Games can be a playful and pleasurable pastime. Cultural anthropologist Susan Ortner also writes that the idea of a game can create new opportunities for understanding how individuals negotiate and survive real-world obstacles and situations they encounter in their daily living.
As a documentary game-as-art, Play Me builds upon Ortner’s notion of the “serious game” in cultural studies as well as the artistic traditions of the Surrealists, Dadaists, and Situationists International (SI) in their subversion of the “normal” function of objects and spaces particularly urban spaces.
Play Me uses the game “Memory” as a tool to exhibit documentary photography capture through the geo-social mobile application Instagram. The photography selected seeks to serve as a witness to individual moments of encounter over the past two years that have particularly impacted how I experience and view Orlando’s urban landscape both as an artist and inhabitant.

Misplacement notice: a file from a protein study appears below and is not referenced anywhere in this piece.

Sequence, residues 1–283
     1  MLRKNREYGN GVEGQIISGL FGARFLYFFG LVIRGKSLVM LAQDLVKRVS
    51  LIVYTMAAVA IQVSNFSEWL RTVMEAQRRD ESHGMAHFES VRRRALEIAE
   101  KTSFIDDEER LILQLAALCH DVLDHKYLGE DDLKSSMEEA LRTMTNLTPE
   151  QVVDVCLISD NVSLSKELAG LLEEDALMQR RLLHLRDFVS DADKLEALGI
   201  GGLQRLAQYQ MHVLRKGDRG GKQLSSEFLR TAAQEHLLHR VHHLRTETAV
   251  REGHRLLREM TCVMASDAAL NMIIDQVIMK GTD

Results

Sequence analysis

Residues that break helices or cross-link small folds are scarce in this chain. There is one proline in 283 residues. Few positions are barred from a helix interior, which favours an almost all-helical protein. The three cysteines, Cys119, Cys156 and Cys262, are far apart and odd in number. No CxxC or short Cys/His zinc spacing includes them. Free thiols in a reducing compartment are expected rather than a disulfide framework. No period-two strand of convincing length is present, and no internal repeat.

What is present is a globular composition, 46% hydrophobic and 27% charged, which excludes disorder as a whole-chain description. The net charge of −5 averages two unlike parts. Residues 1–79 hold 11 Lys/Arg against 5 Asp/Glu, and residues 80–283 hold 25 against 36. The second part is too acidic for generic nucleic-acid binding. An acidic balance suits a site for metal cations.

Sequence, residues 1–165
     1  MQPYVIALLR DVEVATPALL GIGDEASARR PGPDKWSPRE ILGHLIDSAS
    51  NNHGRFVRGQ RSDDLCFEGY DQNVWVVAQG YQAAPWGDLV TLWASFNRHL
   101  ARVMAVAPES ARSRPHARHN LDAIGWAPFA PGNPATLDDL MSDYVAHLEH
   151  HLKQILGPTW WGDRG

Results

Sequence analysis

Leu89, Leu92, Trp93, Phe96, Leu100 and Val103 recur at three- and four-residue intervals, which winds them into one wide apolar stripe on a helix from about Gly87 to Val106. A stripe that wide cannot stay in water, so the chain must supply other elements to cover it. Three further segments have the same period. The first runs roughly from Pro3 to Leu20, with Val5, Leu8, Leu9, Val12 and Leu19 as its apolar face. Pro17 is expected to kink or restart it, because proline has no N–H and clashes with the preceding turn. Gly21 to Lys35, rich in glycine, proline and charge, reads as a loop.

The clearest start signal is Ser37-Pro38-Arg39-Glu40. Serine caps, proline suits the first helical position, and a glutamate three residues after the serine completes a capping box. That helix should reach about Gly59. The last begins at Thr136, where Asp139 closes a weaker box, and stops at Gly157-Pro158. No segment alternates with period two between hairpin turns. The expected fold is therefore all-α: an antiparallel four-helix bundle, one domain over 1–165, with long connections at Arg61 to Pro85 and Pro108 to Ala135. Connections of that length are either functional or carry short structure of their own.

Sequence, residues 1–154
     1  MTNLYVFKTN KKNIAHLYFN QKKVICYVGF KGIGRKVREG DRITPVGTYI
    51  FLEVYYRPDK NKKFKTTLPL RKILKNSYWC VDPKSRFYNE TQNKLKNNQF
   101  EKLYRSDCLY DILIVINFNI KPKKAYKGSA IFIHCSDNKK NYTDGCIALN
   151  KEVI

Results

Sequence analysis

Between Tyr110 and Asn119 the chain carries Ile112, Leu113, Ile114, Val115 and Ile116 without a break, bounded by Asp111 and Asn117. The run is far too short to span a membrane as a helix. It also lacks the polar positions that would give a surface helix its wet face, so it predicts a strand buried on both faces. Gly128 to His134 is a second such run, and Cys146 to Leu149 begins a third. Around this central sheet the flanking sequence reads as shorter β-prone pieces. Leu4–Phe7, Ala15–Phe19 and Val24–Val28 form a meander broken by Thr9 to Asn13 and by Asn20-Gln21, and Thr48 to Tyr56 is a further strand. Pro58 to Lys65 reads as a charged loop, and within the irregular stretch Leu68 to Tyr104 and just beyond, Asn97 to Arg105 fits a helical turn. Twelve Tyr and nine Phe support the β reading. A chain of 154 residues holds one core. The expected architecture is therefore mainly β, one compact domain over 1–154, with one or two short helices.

Wealth, poverty, protest, mobility, consumerism, tourism and connectedness are some of the themes Play Me explores through location-based photography made possible by the emergent technology of mobile devices.
Smart Phones in particular, for those who can afford them, now enable emergent ways of interacting with spaces and places in virtual and physical ways instantaneously. Play Me is my viewpoint of the city streets I wander as a pedestrian and a photographer in a sprawling, suburban metropolis.
Ultimately, Play Me becomes somewhat of a metaphor for our own individual and collective perceptions and memories of place. What do we choose or choose not to see or acknowledge or remember about the places we inhabit here in Orlando? What do you see?